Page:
Tomb of Sa'di, also spelled Saadi (Sadi-e-Shirazi), byname of Musharrif al-Din ibn Muslih al-Din, (born c. 1213, Shiraz, Iran - died Dec. 9, 1291, Shīrāz), Persian poet, one of the greatest figures in classical Persian literature.
Sa'di, a keen traveler and famous Gnostic, was a known poet of the 7th century AH. he was born in Shiraz and passed away between the years 695-691 AH. In 1942, the present building was constructed by the Association for National Arts and the tomb of Sa'di (The mausoleum of Saadi or Sadiyeh) was placed in an octagonal mausoleum with high dome and interesting tile works.
The grave is inside an octagonal edifice on top of which stands an amazing azure blue dome and inside the mausoleum all around the walls are inscribed with verses of Saadi’s poems. Inside the mausoleum yard and in front of the entrance of the tomb lies a beautiful pond. People throw coins into the pond so that their wishes would come true.
About Sa'di :
There is a piece of advice, in verse, printed on top of the entrance of the United Nations: Of one united body are the members of humanity For of one united essence they all have come to be If a member, by mishap, is brought into agony, The other members from suffering cannot flee.
Over 700 years ago, and before the Declaration of Human Rights, Sa'di, the Iranian poet, managed to sow the seed of unity into the heart of mankind. Sa'diyeh is the ecole of sagacity, wisdom and poetry, the tomb of the master of all words, Sa'di of Shiraz, the eloquent poet of Iran who lived in 13 century AD. His Golistan, The Orchard, with its melodious prosaic style, and its matchless content, has always been an inspiration for the present prose literature of Iran; he is also considered as a role-model guru of ethics by the Iranians. His other Magnus Opus is called Bustan, The Garden, and is written in verse. In the post-Sa'dian Iran, one hardly can find even one single figure of significance and influence left untouched and uninspired by him.
Every year, from each and every corner of the world, the people in search of wisdom and the enlightened souls come to Sa'diyeh to alleviate themselves with Sa'di, who is also referred to as Sheik-eh Ajal (lit. Master of Fate). He was titled “Sheikh” because of his knowledge and found followers who pursued his values and words.
Bustan & Golestan:
Sa'di's best known works are Bustan (The Orchard) completed in 1257 and Gulistan (The Rose Garden) completed in 1258. Bustan is entirely in verse (epic metre). It consists of stories aptly illustrating the standard virtues recommended to Muslims (justice, liberality, modesty, contentment) and reflections on the behavior of dervishes and their ecstatic practices. Gulistan is mainly in prose and contains stories and personal anecdotes. The text is interspersed with a variety of short poems which contain aphorisms, advice, and humorous reflections, demonstrating Saadi's profound awareness of the absurdity of human existence. The fate of those who depend on the changeable moods of kings is contrasted with the freedom of the dervishes.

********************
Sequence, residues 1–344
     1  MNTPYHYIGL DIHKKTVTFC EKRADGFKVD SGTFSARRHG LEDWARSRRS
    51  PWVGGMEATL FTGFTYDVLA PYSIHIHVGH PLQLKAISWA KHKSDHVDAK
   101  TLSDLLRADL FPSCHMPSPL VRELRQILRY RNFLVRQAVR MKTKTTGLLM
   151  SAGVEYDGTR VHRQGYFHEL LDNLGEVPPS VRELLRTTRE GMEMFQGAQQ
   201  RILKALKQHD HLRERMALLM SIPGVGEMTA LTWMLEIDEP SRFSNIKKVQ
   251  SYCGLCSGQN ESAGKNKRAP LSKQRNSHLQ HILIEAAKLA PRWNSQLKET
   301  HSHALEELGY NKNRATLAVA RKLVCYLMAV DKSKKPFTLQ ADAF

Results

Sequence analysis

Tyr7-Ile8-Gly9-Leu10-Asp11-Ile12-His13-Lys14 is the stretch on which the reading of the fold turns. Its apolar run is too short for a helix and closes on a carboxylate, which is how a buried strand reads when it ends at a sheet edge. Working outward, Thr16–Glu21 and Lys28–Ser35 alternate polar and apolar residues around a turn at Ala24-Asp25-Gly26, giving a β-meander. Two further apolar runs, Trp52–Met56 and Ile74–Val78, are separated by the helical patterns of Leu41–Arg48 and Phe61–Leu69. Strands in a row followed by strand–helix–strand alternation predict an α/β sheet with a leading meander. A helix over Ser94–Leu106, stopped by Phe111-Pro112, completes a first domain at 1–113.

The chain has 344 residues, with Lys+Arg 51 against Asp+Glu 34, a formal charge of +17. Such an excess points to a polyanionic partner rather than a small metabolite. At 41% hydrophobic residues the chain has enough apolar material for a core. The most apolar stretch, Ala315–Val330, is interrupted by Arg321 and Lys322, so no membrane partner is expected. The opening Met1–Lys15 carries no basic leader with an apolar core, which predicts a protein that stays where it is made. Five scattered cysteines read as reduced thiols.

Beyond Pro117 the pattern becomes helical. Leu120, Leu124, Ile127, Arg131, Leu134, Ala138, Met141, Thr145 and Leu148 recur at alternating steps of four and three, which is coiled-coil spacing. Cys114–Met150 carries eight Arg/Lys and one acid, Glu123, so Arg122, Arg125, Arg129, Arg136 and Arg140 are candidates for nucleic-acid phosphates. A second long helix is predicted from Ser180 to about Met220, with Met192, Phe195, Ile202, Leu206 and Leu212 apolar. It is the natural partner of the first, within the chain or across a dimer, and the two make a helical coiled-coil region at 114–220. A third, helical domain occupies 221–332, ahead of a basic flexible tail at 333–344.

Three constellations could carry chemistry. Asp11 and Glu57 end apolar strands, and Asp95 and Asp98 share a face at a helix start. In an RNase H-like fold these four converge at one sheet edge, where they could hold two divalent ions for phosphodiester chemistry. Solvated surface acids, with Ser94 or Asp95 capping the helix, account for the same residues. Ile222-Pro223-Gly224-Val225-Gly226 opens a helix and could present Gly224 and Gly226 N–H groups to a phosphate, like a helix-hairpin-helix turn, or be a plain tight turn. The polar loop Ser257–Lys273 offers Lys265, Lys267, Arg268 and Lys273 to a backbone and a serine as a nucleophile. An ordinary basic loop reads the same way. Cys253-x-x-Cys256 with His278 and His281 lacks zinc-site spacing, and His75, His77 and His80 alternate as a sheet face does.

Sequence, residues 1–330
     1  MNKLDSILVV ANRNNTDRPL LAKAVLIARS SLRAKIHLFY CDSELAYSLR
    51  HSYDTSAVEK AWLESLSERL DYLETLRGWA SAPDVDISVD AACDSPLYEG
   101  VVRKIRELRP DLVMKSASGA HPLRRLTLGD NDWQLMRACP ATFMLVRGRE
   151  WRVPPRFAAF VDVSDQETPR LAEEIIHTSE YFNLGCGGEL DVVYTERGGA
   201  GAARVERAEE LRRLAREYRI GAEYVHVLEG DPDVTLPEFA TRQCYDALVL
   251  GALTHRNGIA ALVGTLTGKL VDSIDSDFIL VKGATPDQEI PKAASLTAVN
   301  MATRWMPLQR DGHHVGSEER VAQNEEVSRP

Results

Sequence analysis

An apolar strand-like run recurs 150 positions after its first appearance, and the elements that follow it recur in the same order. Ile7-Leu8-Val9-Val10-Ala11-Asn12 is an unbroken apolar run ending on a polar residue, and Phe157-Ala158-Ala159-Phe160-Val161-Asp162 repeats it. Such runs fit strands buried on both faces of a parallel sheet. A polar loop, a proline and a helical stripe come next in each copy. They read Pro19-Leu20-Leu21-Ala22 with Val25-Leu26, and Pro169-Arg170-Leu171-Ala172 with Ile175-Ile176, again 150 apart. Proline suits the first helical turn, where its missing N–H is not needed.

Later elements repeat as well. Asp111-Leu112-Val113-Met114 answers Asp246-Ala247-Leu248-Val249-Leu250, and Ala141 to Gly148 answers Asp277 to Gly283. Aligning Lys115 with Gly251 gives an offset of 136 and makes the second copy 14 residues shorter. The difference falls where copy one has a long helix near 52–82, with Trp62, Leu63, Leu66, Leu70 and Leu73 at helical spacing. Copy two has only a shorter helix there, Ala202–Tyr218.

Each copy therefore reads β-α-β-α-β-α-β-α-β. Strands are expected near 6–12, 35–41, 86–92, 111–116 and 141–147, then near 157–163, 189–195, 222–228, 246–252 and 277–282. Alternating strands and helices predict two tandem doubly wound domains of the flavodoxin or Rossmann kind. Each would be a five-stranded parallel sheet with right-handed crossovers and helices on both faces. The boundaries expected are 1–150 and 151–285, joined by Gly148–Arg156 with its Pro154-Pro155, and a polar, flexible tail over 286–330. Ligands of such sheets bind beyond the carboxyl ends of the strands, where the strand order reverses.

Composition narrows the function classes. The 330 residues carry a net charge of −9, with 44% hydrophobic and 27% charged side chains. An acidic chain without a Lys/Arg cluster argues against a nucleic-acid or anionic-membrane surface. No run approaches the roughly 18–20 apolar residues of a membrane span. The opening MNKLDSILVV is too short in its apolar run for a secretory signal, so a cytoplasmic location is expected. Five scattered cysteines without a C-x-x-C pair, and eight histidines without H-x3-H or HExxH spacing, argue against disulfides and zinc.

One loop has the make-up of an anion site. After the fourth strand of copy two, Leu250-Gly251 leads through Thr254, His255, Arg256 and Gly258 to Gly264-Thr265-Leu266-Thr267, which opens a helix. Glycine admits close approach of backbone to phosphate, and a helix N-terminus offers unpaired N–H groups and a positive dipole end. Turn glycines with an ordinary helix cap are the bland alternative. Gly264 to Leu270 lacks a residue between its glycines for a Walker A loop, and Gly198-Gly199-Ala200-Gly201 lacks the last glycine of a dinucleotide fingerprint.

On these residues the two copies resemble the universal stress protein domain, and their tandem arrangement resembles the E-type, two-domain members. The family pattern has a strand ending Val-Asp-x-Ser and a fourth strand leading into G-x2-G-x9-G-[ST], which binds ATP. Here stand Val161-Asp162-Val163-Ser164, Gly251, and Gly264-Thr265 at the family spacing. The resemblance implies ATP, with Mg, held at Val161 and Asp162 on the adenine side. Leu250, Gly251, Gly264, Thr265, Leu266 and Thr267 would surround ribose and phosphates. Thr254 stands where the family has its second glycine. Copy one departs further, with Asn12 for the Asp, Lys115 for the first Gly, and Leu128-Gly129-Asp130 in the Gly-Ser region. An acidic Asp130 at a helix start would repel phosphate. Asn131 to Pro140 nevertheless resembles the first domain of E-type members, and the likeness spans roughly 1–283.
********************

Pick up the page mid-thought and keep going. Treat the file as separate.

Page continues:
Persian Garden & Tomb of Sa'di:
Inside the gorgeous atmosphere of the garden, you can listen to traditional Persian music which is played in the garden and enjoy the relaxing environment of this monument. Across from the entrance of this garden, stands a traditional ice cream shopping stall which is very popular. Please do taste the ice cream and Faloudeh Shirazi (of Shiraz). After a walk for less than 5 minutes from Saadi Tomb, you will reach Delgosha Garden which is again one of the most beautiful Persian Gardens of Iran.
City of poets, Shiraz is home to the graves of Hafez and Sa'di, both major pilgrimage sites for Iranians. It's also home to splendid gardens, exquisite mosques and whispered echoes of ancient sophistication that reward those who linger beyond the customary excursion to ...
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